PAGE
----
"New Fathers" with more Time for their Children?

What changes have there been in the self-images of fathers and grandfathers in the history of the Federal Republic of Germany, and likewise in their role in raising children - and why? These questions are the focus of a research project on and carried out at Heidelberg University’s Department of History. The project entitled "Time with (Grand)Parents" analyses the period from 1960 to 1990, which was characterised by economic crises and new social movements. A parallel blog aims to supplement the project’s thematic focus by interdisciplinary perspectives and related research topics.

Traditional ways of life such as the nuclear family and the related role distribution of breadwinner-housewife or main and secondary money earner were called into question in West Germany from the 1960s onwards, particularly during the women’s movement. From this context developed the ideal of the "new father" as one who gets involved in childcare. Restricting the father’s employment in favour of family time was an issue first discussed in society, as well. "We are focusing both on the norms and forms of maleness in this period and on men’s parental relations with their children and grandchildren," underlines project leader Katja Patzel-Mattern from the Department of History.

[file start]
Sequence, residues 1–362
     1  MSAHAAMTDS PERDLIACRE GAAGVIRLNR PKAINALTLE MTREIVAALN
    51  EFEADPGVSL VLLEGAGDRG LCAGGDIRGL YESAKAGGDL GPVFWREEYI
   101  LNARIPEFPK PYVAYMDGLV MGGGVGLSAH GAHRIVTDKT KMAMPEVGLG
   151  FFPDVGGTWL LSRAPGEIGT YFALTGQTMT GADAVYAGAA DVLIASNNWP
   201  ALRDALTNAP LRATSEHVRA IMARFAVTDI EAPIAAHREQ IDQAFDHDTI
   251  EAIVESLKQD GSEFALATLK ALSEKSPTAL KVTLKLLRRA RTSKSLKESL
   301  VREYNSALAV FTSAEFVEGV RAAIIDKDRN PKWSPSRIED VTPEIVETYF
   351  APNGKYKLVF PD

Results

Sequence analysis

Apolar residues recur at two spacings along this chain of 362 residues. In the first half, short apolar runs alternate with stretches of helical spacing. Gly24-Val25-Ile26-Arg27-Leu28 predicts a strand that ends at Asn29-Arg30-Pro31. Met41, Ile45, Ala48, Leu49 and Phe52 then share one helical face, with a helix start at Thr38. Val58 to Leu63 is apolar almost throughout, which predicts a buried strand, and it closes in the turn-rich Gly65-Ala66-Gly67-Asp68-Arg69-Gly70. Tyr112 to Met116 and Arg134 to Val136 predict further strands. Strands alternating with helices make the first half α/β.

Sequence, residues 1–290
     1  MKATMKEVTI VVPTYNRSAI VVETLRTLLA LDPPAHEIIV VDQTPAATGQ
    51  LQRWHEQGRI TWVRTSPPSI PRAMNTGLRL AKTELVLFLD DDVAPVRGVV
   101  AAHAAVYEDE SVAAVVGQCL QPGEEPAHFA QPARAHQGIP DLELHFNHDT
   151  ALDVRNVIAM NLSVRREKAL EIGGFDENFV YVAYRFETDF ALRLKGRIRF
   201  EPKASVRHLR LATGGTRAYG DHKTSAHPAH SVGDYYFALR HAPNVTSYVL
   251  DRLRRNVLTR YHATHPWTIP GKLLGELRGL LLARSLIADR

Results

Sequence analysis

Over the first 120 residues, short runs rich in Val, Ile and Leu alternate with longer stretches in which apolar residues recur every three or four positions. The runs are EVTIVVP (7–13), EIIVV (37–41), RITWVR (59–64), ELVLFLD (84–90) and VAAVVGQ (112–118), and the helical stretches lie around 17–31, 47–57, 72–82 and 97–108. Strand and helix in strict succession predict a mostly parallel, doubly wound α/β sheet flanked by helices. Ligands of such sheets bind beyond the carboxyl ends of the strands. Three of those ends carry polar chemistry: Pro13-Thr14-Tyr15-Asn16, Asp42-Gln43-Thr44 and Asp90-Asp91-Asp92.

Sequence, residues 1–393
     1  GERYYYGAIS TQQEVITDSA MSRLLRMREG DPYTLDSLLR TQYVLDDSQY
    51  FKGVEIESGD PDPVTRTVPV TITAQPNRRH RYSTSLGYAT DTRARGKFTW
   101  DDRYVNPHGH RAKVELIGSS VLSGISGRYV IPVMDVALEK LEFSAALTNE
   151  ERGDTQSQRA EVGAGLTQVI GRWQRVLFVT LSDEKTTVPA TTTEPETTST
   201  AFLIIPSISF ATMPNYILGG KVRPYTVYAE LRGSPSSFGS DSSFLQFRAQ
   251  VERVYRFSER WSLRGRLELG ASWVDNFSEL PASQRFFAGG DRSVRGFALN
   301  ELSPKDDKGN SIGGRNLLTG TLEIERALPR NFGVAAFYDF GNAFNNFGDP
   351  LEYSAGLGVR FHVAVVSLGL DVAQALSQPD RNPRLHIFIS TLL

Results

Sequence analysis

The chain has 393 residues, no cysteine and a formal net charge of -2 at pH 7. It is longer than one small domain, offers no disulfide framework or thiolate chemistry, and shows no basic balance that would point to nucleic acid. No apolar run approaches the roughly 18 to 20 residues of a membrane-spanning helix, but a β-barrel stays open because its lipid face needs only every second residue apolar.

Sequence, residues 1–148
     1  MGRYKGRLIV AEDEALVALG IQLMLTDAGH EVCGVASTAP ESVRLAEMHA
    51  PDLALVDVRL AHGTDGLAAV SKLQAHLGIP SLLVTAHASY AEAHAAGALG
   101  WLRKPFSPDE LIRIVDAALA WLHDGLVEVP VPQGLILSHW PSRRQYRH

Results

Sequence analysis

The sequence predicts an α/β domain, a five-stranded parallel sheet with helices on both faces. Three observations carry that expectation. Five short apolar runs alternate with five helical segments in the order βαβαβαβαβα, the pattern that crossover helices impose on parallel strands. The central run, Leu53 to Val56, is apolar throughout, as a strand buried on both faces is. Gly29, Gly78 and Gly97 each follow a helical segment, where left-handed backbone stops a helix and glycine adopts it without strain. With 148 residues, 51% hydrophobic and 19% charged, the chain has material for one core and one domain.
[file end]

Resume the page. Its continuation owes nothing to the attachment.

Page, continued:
"We want to check whether the cutbacks in welfare state benefits in the 1970s and 1980s led to attaching more value to family solidarity, which in the course of a sociocultural redefinition of maleness led to changed forms of grandparent-grandchild and father-child relationship," adds Dr Gina Fuhrich, who is involved in the research project as a postdoc. Role models and practices, as well as the duration of male parenthood and grandfatherhood are to be studied using interviews with contemporary witnesses, parental diaries and contemporary sociological studies. That way, Dr Fuhrich and doctoral candidate Hannah Schultes want to trace the changes in self-image and everyday action of fathers and grandfathers in the second half of the 20th century.

The blog set up for the research project is particularly addressed to an interested public. Representatives of various disciplines will prepare inputs on topics such as reproduction, childcare and the influence of scholarship, gender, the government and the employment market on parenting. Furthermore, a digital lecture series on the change in parenting is planned for September. Here, too,

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